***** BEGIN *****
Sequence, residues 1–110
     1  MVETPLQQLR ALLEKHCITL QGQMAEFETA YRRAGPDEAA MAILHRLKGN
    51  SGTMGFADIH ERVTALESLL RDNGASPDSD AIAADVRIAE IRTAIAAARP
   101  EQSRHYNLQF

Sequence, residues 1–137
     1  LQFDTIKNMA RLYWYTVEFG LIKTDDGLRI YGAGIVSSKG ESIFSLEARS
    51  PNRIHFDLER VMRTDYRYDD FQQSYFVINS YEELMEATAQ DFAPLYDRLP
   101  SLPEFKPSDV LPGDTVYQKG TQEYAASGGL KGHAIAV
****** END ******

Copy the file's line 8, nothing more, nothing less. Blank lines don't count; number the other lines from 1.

   101  SLPEFKPSDV LPGDTVYQKG TQEYAASGGL KGHAIAV